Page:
Vintage Notes 2007

The 2007 vintage constitutes another new experience for this Finger Lakes vintner. Sun and solar radiation are the hallmarks of the year – lots of both – reminiscent of 1998 and 2001 and perhaps 1999. In terms of degree-days we are about even with 2005 at 2807 as of October 22 and 15% more than 2006.

And as in 2001, some got the rain and some didn’t. We at Sheldrake Point Vineyard were fortunate. With a little help from irrigation in young blocks and a helping hand from Mother Nature we had almost all of what we needed. Canopies were full and healthy with little disease pressure until late in the season. Vines were fruitful to the point that we dropped fruit a couple of times to ensure balanced vines capable of fully ripening the fruit.

Initially with the heat and slight moisture deprivation so we thought that we would be harvesting everything very early. That was not the case with some Pinot Gris and Muscat coming in on September 29 more than a week late. Overall sugar accumulation was slow and steady varying from 20.2 for young Pinot Gris to 23.6 for an older block of Pinot Gris. Most varieties fell into the range of 21 to 22.5 brix. And flavors are good. The educational aspect of the vintage involves lower sugars (with so much sun?), good flavors and lower acids. It may be that the very warm nights late in the vintage with little diurnal variation had the effect of reducing acids where in other years cold nights left the acids intact. Yields have been generous – we did have the moisture needed.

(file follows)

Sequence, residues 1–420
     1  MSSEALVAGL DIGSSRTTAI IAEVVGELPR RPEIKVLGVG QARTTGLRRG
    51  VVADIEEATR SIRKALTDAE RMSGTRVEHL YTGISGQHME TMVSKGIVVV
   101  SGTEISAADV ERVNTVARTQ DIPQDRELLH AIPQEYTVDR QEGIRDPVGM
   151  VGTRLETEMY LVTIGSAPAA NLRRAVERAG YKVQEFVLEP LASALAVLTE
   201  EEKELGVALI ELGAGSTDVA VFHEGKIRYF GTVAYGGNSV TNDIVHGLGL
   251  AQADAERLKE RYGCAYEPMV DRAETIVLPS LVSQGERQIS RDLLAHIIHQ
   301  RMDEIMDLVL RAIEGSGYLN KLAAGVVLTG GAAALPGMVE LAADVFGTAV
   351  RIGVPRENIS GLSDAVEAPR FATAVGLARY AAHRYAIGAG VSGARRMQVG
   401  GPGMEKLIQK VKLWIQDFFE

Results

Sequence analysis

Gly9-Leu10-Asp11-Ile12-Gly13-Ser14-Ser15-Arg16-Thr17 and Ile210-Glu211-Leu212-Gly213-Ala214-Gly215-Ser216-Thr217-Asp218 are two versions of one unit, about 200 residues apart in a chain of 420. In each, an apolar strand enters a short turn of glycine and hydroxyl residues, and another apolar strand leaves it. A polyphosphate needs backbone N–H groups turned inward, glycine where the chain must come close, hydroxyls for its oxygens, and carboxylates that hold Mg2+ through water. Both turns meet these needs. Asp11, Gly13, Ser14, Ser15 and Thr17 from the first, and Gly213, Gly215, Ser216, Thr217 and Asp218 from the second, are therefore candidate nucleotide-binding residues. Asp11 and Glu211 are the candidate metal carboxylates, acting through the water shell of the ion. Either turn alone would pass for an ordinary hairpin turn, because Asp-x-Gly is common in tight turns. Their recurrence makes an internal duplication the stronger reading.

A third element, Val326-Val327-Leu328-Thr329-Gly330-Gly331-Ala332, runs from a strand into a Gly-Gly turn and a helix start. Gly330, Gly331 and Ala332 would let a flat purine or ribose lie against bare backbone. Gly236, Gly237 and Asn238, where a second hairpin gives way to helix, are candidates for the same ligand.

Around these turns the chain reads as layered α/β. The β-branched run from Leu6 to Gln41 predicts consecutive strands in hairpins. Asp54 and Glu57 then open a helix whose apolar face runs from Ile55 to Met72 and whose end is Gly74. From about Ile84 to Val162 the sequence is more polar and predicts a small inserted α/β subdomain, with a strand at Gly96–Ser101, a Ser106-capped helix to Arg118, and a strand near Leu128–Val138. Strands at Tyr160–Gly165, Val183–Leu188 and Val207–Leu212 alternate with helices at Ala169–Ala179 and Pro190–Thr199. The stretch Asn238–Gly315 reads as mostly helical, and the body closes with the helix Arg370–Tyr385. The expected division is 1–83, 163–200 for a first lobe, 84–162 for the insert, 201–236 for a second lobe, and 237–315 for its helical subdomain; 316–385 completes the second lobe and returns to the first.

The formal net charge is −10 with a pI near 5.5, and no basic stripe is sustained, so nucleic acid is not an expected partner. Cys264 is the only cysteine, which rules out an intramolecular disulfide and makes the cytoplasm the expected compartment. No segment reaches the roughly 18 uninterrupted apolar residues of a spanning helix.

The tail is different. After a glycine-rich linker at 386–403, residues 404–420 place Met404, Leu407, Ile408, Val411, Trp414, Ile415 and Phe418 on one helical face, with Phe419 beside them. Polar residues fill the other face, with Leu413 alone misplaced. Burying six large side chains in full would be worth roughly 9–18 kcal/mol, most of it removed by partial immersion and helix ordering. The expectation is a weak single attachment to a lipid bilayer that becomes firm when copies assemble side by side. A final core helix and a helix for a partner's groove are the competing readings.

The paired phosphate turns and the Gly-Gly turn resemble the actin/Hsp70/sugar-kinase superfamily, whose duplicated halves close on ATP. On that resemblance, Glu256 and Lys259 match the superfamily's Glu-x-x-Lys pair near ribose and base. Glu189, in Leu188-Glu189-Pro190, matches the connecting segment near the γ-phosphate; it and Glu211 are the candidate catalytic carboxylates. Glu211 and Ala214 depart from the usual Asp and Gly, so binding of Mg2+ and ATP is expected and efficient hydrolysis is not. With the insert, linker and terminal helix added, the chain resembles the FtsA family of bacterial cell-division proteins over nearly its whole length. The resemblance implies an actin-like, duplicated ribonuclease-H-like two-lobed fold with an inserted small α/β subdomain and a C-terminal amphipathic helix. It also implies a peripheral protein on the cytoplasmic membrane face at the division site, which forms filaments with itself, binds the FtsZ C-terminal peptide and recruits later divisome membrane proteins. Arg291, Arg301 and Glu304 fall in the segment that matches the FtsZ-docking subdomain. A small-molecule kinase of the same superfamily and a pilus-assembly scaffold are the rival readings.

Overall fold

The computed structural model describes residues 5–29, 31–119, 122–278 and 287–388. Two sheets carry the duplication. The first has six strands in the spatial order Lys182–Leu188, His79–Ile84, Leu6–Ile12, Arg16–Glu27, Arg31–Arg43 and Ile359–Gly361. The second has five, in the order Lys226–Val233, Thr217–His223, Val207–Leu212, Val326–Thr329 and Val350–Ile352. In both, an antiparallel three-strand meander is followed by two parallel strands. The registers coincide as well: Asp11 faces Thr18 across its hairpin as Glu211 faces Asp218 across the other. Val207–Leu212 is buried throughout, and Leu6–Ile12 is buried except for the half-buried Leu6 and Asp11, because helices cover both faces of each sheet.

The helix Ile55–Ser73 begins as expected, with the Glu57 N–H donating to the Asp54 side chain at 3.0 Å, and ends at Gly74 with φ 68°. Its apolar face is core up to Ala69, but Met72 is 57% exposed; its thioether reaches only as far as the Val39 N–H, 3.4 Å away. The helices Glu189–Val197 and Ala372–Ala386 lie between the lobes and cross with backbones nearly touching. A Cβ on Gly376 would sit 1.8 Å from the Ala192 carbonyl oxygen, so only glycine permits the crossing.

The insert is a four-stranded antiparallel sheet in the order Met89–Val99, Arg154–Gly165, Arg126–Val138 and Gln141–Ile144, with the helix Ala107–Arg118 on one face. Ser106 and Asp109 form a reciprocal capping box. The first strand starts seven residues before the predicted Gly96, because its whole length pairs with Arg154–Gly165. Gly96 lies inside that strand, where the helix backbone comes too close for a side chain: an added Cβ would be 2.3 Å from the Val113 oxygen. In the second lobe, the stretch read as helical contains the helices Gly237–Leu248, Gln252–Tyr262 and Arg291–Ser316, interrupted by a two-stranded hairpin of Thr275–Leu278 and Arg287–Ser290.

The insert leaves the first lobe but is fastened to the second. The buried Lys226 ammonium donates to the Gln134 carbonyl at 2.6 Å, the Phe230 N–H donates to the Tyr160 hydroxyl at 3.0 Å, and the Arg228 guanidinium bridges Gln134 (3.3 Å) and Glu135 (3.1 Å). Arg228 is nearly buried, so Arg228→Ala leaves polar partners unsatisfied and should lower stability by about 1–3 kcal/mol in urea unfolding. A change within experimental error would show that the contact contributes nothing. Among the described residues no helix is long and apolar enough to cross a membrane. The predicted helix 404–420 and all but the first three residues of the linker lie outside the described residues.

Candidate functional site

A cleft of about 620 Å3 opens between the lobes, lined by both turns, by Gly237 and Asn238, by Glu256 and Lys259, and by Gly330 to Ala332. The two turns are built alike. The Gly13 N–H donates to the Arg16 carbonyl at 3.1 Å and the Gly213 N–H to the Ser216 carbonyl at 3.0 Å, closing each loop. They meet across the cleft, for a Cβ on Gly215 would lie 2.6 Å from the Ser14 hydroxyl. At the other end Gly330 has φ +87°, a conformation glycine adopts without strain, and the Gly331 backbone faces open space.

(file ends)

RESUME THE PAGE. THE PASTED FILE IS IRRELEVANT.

Our take so far? A good vintage with balanced, good flavored wines at decent alcohol levels and that just may have exceptional mouth feel with lighter, riper tannins and appropriate acids to provide structure. Sounds like a recipe for elegance. Reds are full of color and flavor, with Gamay, Pinot Noir and Cabernet looking particularly strong. The Gamay may just be the best that we have ever produced and the Pinot just might rank up there with 2001. In whites, Pinot Gris, Gewurztraminer and Riesling have the flavors, richness and freshness that we look for.

We have a total harvest of about 130 tons of fruit or about 20,000 gallons, a little over 8,000 cases. This does not include 9 tons each of Riesling and Cabernet Franc that are being left for Ice Wine that usually harvest in late December or sometime in January.

Bob Madill,

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